Greitens and Schmitt already have statewide name recognition. Hartzler needs all the help she can get to win the highest percentage of Republican votes in the primary to go on to the general election in November.
In her stump speech, she didn’t speak directly about the non-endorsement, nor did it come up in the questions. But out in the audience, Matthew Williams told the Post-Dispatch that everyone was aware of the brouhaha.
“He could have done it a little more respectful, but it’s also Donald Trump,” said Williams, 38, of Steelville, who is running for state representative. “He says what he says and that’s kind of what everybody likes about him, and that’s what we voted for.”
Hartzler told the Post-Dispatch in an interview after the speech that she didn’t see the non-endorsement coming. During the call with Trump that day, she said she gave him an update on the race, told him she was leading.
“I don’t want to get in the details, but it was a very positive conversation,” she said. “So I was, you know, kind of surprised.”
She said she hadn’t spoken to Trump since and didn’t know his motivation.
“I think he listened to some of my opponents’ lies and bought into them, which is unfortunate,” she said.
Hartzler has received endorsements from U.S. Sen. Josh Hawley, R-Missouri, former U.S. Sen. Christopher “Kit” Bond, the Missouri Farm Bureau and other state agricultural groups. But she said voters mean the most to her.
“I really believe that the endorsement that counts is the one from Missourians,” she said, vowing to “redouble” her efforts and “work even harder” to reach people before the election.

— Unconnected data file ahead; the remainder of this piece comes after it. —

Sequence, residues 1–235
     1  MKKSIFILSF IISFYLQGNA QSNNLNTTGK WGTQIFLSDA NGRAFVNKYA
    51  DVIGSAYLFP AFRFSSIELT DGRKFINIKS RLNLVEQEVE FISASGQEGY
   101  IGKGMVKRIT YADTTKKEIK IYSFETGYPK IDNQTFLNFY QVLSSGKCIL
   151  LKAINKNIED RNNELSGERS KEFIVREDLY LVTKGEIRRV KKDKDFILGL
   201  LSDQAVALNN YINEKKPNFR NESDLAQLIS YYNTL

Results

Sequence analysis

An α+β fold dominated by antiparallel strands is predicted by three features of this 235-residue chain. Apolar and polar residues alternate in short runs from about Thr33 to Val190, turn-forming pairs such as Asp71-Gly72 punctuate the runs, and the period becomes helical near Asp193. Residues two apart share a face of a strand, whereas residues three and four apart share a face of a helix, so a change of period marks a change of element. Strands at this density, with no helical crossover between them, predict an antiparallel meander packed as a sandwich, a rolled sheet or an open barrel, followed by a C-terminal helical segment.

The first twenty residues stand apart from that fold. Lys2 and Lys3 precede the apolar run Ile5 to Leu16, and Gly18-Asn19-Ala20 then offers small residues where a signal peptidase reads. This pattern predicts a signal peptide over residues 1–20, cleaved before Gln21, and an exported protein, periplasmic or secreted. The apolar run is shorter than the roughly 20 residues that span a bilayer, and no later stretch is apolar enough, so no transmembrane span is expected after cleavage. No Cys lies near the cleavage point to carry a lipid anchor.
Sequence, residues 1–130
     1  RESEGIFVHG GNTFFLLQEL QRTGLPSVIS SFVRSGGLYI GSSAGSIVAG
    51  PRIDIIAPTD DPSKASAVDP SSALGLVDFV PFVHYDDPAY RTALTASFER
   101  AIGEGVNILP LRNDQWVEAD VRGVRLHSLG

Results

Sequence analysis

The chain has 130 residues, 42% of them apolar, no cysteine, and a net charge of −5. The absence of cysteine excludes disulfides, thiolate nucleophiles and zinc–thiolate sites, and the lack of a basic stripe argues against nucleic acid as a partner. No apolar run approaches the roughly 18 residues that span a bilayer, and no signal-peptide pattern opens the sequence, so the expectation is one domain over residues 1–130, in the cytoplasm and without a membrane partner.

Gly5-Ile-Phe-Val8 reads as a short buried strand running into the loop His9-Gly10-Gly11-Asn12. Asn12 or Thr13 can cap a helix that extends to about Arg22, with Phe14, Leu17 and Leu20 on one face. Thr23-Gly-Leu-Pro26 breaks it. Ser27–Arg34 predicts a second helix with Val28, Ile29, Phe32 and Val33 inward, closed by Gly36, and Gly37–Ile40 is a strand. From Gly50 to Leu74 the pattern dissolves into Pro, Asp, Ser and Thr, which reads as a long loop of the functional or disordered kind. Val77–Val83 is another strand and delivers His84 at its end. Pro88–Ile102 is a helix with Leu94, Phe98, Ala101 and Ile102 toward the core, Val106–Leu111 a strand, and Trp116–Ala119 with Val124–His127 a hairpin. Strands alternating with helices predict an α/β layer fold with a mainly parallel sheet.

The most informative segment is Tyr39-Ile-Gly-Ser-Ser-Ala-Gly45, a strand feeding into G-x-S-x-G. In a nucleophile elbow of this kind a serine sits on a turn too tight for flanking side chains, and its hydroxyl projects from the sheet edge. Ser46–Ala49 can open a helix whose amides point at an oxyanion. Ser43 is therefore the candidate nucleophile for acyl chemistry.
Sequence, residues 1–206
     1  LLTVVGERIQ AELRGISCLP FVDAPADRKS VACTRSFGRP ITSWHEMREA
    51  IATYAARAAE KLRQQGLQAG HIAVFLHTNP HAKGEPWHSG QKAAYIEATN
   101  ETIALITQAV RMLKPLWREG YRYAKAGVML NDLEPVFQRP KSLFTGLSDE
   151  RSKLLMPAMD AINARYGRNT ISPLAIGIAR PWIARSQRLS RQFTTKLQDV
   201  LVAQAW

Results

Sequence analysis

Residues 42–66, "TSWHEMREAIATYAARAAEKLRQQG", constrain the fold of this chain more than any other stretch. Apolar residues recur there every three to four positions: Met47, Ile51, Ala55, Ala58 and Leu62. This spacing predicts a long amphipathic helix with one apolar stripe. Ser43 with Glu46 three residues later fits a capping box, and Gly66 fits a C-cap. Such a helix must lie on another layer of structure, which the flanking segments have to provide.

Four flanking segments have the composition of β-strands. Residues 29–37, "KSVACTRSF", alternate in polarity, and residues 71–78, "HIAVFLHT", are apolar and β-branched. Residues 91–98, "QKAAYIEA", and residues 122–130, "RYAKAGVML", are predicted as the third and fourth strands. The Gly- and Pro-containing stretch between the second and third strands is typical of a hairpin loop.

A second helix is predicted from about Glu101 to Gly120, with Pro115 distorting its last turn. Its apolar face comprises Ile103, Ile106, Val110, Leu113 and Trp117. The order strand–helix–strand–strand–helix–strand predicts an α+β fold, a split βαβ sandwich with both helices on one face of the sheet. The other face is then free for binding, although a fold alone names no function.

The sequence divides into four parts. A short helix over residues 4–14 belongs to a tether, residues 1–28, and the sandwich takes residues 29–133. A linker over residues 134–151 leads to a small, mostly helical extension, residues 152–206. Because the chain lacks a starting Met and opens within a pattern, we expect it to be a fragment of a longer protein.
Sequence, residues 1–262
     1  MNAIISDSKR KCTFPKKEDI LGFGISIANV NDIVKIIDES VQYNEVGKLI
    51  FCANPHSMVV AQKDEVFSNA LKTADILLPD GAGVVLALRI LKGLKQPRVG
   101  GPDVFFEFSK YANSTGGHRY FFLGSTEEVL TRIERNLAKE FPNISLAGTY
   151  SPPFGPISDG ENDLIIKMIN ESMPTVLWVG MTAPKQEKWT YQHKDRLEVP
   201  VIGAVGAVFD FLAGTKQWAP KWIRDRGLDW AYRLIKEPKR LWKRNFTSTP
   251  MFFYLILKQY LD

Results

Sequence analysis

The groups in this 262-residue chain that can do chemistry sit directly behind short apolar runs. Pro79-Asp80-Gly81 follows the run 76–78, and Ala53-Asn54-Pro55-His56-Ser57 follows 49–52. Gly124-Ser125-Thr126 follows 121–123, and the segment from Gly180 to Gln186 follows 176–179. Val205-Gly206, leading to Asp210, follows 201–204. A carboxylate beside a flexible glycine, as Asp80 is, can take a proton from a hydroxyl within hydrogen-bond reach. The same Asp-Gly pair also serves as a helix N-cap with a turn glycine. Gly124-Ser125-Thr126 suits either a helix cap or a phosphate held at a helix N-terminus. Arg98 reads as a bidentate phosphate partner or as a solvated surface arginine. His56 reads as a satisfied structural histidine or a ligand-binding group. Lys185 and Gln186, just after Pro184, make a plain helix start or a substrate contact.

Mike Homeyer, 65, chairman of the Dent County Republican Central Committee, which hosted the event, said invitations were sent to all the leading candidates. Hartzler was the only one who showed up in Salem.
Asked if he thinks Hartzler is capable of taking on the “radical Left,” he said: “Josh Hawley thinks she can take on the radical Left. I mean he knows more about what’s going on inside that building than I do. I think Hawley’s endorsement probably carries more weight than a Trump endorsement would.”
Then why weren’t there Hawley banners hanging from the ceiling?
“I have Hawley signs in my shop ready to go up for his next election,” Homeyer said. “And you know what, these people in this county will vote for Trump again if he runs no matter who he endorses for Senate.”
Craig Smith, 57, a Marine veteran and insurance agent, voted for Trump but said Trump’s non-endorsement of Hartzler didn’t matter to him.
“I am capable of making up my own mind,” he said.
In campaign ads, Greitens, playing the role of government outsider, blows things up and hunts fellow Republicans who have grown soft. Schmitt, who gets easy publicity from law and order lawsuits he files as attorney general, brandishes a torch in one ad, swings a baseball bat in another. Hartzler is big on guns, but she hasn’t been as explosive.